4. Tubing on a river is my new favorite summer activity;
  5. I'm incredibly blessed to have someone so patient and full of grace as Ashley.

Makers And Monsters: Interview with Josh White

We're pleased to have sat down with author, musician and pastor Josh White on his upcoming book Makers And Monsters, which releases everywhere on September 1, 2017. We spoke with Josh about his creative journey, the origin for his new book, and how we can find our inner artist and fight our inner critic.

And to find out how to get a free copy of Makers And Monsters, read through the interview and learn more at the bottom!

You can also pre-order the book now on Amazon here.

Bethsaida Productions: Tell us a little bit about you: who are you, where do you come from, what do you do?

Josh White: My name is Josh White, born and raised in Noblesville, Indiana… I grew up in the middle of nowhere. When I was 18, I moved to Northern California, specifically San Francisco, just to get away from it all. I wanted to experience life outside of a farm. For my entire life I just knew what it was like to dig a ditch or take care of cattle, so I decided to move out here and experience something different. I went to a music university in San Jose and I definitely fell in love with San Francisco. I did a two year stint out here and then I remember being on a plane going home and thinking “It could be awesome to pursue Jesus and music inside of a city like this,” never thinking that would be something that I could do.

Over a period of vesting my passions into church culture, into music, slowly but surely God positioned me back in San Francisco. I work at a place called Canvas SF in San Francisco and I get to serve as one of the pastors there. I love it and I get to work with a bunch of different storytellers, creative, you name it.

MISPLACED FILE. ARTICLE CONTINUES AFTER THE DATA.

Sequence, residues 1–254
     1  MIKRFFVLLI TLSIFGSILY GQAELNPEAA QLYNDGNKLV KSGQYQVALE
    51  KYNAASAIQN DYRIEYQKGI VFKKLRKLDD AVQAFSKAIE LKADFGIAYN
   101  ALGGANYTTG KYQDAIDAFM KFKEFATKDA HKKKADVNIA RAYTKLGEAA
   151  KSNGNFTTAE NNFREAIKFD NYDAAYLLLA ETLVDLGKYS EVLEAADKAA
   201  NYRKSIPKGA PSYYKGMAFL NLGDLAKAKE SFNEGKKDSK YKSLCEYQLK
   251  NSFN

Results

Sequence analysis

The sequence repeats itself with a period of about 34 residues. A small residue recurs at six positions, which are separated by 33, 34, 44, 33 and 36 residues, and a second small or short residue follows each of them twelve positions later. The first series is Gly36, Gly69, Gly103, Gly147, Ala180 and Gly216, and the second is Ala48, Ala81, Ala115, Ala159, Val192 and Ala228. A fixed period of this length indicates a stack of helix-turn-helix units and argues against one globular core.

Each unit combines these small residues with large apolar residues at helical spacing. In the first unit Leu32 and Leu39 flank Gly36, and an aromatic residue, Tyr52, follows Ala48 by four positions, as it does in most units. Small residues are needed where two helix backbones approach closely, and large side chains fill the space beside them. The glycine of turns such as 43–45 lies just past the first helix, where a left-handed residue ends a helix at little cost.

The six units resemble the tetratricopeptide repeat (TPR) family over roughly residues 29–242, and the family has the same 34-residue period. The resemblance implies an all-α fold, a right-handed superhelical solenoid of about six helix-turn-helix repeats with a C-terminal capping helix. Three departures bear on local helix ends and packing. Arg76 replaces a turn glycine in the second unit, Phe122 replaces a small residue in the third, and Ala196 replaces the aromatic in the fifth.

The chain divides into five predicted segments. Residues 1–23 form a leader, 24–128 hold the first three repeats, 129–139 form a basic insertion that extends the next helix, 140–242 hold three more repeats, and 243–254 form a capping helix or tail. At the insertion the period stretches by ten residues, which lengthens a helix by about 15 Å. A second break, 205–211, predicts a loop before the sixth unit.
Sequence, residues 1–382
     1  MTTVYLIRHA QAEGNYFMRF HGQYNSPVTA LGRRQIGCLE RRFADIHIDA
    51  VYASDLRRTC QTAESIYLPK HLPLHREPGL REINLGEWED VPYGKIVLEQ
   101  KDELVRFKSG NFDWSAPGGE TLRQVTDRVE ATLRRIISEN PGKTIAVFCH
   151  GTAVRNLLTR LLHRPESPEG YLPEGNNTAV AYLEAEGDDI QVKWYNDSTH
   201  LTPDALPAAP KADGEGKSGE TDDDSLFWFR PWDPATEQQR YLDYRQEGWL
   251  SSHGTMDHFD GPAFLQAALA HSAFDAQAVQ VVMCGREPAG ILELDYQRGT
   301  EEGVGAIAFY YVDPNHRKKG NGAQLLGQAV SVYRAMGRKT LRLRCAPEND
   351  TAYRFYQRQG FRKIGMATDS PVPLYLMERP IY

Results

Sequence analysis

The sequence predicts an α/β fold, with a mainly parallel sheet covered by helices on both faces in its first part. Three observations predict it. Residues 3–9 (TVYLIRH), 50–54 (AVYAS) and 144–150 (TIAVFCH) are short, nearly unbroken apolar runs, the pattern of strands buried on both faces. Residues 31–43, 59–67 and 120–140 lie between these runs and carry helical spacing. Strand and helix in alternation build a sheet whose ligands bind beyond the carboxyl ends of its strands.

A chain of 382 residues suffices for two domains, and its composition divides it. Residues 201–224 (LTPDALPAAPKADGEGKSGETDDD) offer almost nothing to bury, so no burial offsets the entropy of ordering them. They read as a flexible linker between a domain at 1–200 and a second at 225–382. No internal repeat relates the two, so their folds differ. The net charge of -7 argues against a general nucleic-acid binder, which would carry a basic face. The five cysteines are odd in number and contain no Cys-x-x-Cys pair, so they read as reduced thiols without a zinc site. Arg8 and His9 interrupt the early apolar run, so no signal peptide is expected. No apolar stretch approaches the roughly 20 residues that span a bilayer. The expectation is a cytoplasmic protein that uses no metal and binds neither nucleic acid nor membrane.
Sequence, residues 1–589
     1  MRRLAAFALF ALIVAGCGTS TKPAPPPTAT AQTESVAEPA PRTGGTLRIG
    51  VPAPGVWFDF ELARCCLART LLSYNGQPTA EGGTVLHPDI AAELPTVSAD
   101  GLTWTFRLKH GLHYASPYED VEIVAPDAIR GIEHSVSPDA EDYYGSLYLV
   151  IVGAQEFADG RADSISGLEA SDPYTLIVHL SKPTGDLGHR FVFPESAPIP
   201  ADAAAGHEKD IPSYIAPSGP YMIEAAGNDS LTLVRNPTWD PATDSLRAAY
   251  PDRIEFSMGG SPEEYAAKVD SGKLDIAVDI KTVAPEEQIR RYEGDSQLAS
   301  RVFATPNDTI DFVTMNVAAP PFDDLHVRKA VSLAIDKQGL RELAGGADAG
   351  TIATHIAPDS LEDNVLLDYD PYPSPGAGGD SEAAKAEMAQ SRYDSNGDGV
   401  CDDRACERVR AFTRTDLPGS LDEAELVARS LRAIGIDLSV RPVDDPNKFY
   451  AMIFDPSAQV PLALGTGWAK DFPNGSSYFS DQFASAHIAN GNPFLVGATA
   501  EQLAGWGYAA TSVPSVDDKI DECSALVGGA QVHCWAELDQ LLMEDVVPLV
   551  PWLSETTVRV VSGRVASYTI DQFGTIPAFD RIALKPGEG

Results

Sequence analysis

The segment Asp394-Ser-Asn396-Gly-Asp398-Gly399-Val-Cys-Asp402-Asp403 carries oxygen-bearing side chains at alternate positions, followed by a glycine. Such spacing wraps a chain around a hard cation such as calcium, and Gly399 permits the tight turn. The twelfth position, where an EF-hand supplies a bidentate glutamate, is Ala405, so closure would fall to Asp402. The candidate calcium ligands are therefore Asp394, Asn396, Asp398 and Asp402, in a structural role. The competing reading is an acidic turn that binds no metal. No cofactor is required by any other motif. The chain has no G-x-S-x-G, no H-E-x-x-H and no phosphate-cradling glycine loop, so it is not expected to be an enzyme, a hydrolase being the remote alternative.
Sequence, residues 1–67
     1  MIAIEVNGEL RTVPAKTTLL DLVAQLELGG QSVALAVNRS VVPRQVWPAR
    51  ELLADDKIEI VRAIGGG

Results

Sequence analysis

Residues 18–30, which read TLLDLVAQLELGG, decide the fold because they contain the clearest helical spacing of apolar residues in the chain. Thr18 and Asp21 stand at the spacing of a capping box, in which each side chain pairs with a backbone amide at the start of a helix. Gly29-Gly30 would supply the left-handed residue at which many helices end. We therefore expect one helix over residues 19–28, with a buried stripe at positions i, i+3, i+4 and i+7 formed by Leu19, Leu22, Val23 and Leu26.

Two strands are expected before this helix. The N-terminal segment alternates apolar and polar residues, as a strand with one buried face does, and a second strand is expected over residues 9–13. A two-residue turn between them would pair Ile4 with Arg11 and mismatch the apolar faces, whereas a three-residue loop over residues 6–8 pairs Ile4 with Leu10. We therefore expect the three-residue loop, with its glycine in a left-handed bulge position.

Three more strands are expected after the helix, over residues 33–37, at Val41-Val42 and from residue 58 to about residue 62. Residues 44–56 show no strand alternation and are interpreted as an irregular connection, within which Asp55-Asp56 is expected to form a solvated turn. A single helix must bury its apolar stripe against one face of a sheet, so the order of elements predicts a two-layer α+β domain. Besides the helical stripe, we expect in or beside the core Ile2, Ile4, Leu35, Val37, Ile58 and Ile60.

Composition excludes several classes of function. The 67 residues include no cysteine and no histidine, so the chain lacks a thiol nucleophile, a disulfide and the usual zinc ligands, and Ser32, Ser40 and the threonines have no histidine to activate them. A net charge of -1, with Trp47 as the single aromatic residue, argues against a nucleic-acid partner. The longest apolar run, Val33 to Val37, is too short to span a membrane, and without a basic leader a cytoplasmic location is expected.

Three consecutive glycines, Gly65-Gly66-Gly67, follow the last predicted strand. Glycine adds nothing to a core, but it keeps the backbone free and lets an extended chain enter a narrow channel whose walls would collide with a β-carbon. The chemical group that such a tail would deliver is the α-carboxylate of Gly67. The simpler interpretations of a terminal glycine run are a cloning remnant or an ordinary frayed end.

BP: How did your desire for music begin to blossom?

JW: From the very beginning when I was a 5, I was put into piano lessons. I remember my mom telling people that I learned to read music and read books at the same time. From a very early age, music was always a staple in my life. I grew up on everything from alt-country to classical music and then I had this very secret dark love for heavy metal in between all of that.  But growing up where I grew up, there wasn’t a lot of opportunity to invest myself outside of the mundane band camp or the stereotypical bar scene where you just listen to some guy who’s half-drunk and playing random tune that he knew. That was about it. So I knew that at least getting outside of the confines of the Midwest, at least coming to the West Coast, that would let me experience something a little bit different. 

So I spent so much time understanding the music scene in san Francisco when I came out here almost 7 years ago for the first time. And that was my first real exposure. And so now, understanding who I am as an artist, as a musician, I’m now able to bend back to Jesus. For so long that meant that I would lead worship in churches and just until recently, the last year or so, that musicianship level has matured into primarily developing other musicians and other worship leaders. But even more than that of me, it’s been developing the culture behind the scenes that happens for a musician, which is the songwriting, namely the lyrics, or coming up with that hook in a song that makes the entire tune just pop out of nowhere.

BP: Did you ever have a desire to be a solo musician or start a band? Did that ever materialize?